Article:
Flower beds provide a beautiful and eye-catching feature to any commercial or residential garden. With a burst of color, these beautiful floral displays can provide enjoyment the entire year round. However, flowers tend to provide that beauty on a seasonal basis. That means that, at certain points in the year, it's time to change those flowers out for others that are in-season. At this time of year, it means going with flowers that flourish in hotter temperatures. Here's how to re-do a flower bed. The first step is to clean out the existing flower bed. Remove old perennials, weeds, and any debris. Think of it as a clean slate so you can start again with seasonal blooms. This may be a good time to change the shape of your flower bed. Rather than going with that traditional rectangular look, why not add some curves to it by drawing out new lines with the soil? Now, it's time to add new soil to your flower bed. Dig up rocks, roots, and any debris before putting a layer of garden-specific soil. It should be about six inches deep. You can also add compost and leaf mold. This will boost soil nutrition. Let your flower bed settle for 30 to 60 days before planting. Work with your local garden center on the ideal flowers for this time of year. Once you have an idea of what works, then you can select the colors and varieties to use that will fit your space and garden style. This is where you can be creative. As you plant the flowers in the bed, be sure to add enough water to make puddles under each flower. Add a thin layer of mulch. This will help prevent weeds and allow the soil to retain moisture even during the hot summer ahead. Of course, if you don't have the time to re-do your commercial flower beds, consider turning to professionals like Pugh's Earthworks. Contact us today!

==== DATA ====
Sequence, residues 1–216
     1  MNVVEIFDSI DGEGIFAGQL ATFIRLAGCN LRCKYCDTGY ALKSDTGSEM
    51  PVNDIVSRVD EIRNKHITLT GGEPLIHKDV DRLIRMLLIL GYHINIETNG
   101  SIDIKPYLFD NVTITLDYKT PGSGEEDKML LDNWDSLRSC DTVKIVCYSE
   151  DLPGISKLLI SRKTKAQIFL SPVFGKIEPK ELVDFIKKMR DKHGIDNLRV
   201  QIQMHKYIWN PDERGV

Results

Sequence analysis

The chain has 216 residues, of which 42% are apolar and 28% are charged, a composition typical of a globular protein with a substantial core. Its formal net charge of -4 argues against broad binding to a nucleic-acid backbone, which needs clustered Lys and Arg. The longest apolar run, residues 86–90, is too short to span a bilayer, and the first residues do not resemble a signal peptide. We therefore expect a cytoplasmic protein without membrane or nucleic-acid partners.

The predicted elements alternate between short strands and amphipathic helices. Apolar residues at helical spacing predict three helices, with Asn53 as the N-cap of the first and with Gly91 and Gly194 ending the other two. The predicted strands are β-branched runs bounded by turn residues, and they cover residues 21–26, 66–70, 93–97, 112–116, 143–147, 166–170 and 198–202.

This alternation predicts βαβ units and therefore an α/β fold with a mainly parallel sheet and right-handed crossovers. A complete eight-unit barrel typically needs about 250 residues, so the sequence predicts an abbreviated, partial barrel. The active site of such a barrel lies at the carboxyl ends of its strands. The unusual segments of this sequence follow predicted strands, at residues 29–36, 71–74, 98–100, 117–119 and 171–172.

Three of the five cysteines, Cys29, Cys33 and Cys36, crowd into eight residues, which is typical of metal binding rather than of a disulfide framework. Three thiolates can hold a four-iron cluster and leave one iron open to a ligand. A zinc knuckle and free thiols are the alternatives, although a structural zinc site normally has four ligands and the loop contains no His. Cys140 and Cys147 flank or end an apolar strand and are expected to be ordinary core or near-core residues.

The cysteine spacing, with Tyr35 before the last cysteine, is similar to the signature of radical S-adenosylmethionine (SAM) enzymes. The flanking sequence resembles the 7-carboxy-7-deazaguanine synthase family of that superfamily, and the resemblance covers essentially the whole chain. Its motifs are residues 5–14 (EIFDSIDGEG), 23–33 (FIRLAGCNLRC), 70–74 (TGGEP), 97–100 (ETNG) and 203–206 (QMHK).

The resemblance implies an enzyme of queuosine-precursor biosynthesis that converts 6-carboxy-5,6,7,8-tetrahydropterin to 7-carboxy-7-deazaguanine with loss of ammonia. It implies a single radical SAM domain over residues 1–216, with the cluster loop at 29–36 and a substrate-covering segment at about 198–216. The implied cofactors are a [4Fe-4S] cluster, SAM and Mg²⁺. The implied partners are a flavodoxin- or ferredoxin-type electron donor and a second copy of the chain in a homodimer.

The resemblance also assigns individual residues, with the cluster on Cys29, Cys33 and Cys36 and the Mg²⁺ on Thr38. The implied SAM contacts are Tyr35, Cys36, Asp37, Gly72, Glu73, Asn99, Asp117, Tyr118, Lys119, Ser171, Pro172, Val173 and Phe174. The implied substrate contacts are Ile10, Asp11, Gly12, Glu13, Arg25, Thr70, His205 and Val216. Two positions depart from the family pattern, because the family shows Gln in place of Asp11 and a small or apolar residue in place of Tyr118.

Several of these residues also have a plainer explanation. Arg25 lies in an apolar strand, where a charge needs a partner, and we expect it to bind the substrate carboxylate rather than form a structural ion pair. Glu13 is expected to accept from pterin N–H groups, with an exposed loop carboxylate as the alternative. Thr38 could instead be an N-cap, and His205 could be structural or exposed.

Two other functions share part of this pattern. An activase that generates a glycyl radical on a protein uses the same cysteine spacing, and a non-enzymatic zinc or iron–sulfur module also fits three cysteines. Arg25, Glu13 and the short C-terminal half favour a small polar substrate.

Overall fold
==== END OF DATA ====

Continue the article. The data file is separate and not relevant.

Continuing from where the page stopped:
Container gardens make a lovely addition around entrances and in places where a little greenery is needed to soften and decorate. Bedding plants including annuals, perennials, small shrubs and ornamental trees make excellent mixes for container gardening. Rule of thumb is to have a tall plant in the center and draping flora around the edges. Fill in other areas with a combination of blooming and green plants keeping in mind not to over crowd the planter and drown out some of the mix. Pugh's Earthworks maintains these container gardens on some of our properties where there is enough water and shade to keep them beautiful all summer long.